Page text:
My other big problem area has always been upper arms and shoulders. Clothes just strain unless I make them myself. Which is unfortunately my only solution: to become enough of a seamstress to make the patterns and clothing myself.

  16. I’m so relieved to find this post! It’s good knowing that I’m not alone with this problem. The same areas (plus chest) are tight for me. I just went shopping today to try to find clothing to wear to my internship. Had to settle for an ill-fitting stretchy-enough top that didn’t look too awful. My fave pants for work-type stuff are Old Navy’s Pixie pants in black (didn’t like them in grey though- the fabric wasn’t as thick) because they fit my muscular thighs but are still soft and professional-looking. I wish it were acceptable to wear tank tops in an office. Guess I’ll have to settle for altering and custom-making my clothes!

  17. I am a competitive swimmer that trains about 18 hours a week. Recently, my body has become way more muscular: shoulders broad, thighs and calves bigger, biceps HUGE, and I am 100% okay with that. I love the way my body looks and I wouldn’t change it.
    The only problem I come across is finding clothes that fit and are reasonable, other than athletic clothes. It’s a challenge.
    Some of my co-trainers don’t really have this problem because they aren’t naturally curvy with muscles on them (like yours truly) or they’re smaller, or skinnier to begin with. I’m honestly just fed up of having to deal with clothing companies’ inability to cater to needs of fit women, without wearing fit clothes all the time. My only hope is that sometime in the future there will be some sort of clothing line with cute clothes, that are made to fit broader, bulkier women.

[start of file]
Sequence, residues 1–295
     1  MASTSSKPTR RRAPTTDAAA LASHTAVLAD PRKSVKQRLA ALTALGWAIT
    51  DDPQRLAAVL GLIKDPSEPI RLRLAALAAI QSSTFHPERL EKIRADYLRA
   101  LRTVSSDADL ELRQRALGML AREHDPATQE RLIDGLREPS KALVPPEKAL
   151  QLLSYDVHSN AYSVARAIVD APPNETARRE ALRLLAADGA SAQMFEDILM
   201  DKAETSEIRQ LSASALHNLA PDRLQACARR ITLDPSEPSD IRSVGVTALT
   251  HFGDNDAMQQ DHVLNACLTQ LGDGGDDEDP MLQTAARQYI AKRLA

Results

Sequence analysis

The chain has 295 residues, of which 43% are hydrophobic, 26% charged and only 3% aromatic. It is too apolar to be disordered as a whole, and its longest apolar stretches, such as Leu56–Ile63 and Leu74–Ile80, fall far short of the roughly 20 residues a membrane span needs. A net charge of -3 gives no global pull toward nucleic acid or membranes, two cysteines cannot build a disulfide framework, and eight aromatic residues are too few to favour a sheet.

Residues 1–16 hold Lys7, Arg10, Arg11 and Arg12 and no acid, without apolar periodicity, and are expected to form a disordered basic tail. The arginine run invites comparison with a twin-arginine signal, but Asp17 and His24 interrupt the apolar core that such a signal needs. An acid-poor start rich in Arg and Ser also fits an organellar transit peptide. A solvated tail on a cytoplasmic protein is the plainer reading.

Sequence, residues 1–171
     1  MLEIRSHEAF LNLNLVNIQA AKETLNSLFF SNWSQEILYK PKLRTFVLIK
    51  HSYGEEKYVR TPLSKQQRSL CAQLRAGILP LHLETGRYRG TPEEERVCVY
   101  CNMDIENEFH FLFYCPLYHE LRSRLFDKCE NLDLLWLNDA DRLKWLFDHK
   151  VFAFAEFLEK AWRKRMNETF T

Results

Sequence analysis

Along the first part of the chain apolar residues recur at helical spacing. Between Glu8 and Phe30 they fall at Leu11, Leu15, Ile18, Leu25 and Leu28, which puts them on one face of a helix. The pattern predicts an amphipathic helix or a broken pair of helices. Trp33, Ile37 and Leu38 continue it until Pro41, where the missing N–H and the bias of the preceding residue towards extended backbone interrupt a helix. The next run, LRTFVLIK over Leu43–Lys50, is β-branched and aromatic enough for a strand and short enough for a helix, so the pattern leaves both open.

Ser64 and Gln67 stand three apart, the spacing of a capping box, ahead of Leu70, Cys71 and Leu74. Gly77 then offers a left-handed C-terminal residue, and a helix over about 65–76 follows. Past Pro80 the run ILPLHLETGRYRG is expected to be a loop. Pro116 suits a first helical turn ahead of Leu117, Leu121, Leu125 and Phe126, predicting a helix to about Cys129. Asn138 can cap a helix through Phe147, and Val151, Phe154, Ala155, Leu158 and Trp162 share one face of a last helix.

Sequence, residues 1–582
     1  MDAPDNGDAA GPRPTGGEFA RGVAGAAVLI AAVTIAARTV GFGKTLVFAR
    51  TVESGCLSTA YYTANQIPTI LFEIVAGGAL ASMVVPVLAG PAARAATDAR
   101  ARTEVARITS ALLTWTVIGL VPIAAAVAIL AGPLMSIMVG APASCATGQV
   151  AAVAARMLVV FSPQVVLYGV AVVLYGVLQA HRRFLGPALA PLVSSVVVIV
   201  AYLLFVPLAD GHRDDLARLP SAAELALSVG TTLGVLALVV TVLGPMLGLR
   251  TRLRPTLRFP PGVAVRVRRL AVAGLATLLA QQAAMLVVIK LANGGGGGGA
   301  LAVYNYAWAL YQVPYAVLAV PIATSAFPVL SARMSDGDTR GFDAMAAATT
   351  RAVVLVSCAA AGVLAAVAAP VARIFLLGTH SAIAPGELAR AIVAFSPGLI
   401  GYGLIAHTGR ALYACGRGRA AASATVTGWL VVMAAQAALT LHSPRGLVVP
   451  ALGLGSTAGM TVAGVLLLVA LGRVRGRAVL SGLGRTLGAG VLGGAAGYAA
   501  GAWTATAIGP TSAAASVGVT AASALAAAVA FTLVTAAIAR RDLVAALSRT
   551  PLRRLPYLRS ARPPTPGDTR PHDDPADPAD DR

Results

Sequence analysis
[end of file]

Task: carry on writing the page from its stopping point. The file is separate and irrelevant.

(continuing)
18. I too have a difficult time finding clothes that fit. My biggest challenge are jeans, tights, dresses, coats and jackets, especially clothes that does not stretch. I have large thighs (from leg pressing 450 lbs), butt from squatting, and the biceps, back and shoulders from everything I do in my upper body. I’m a “girly” woman so I like wearing dresses, and other feminine looking clothes and that’s difficult without a tailor or the ability to sew. I do make some of my clothes but time is a factor. I’m just glad I’m not alone!

  19. Thanks ladies, this post was a real comfort today. I have an interview tomorrow, and discovered that most of my dress clothes haven’t kept up with my muscle development. I train in martial arts and I lift weights. A a result, I have a dramatic derriere, muscled legs and shoulders and ridiculous upper abs and back muscles…something about all those falls and rolls in aikido. A few fit thoughts: I find that covering one half of my bubble butt – the upper or lower with loose fitting shirts, skirts or trousers minimizes the rear drama. I opt for a lot of sleeveless tops to reduce shoulder pinching and help me manage my high running temp. I love vests as an alternative to jackets/blazers for the same reason. I am a big fan of utility/military-inspired tops with roll sleeves, looser fits and I often tuck them into the front of pants over cute belts for a bit of snazziness. Speaking of, I love obi-belts to emphasize my waist. And yeah, in the end I use my sewing skills (honed during a college career spent reenacting) to modify garments or make my own that fit. In the end, I remind myself that my body is great and clothes are the problem.

  20. I fully agree. This is modern day foot binding. Society complains that women are weak but then supplies no support for women who are strong.

    1. Amen to the modern foot binding. It’s like women aren’t supposed to have muscles/be strong enough to lift anything more than a purse. It’s like body constriction. How come men’s clothing allow for muscular growth while women’s, I’m looking at even designer brands, don’t?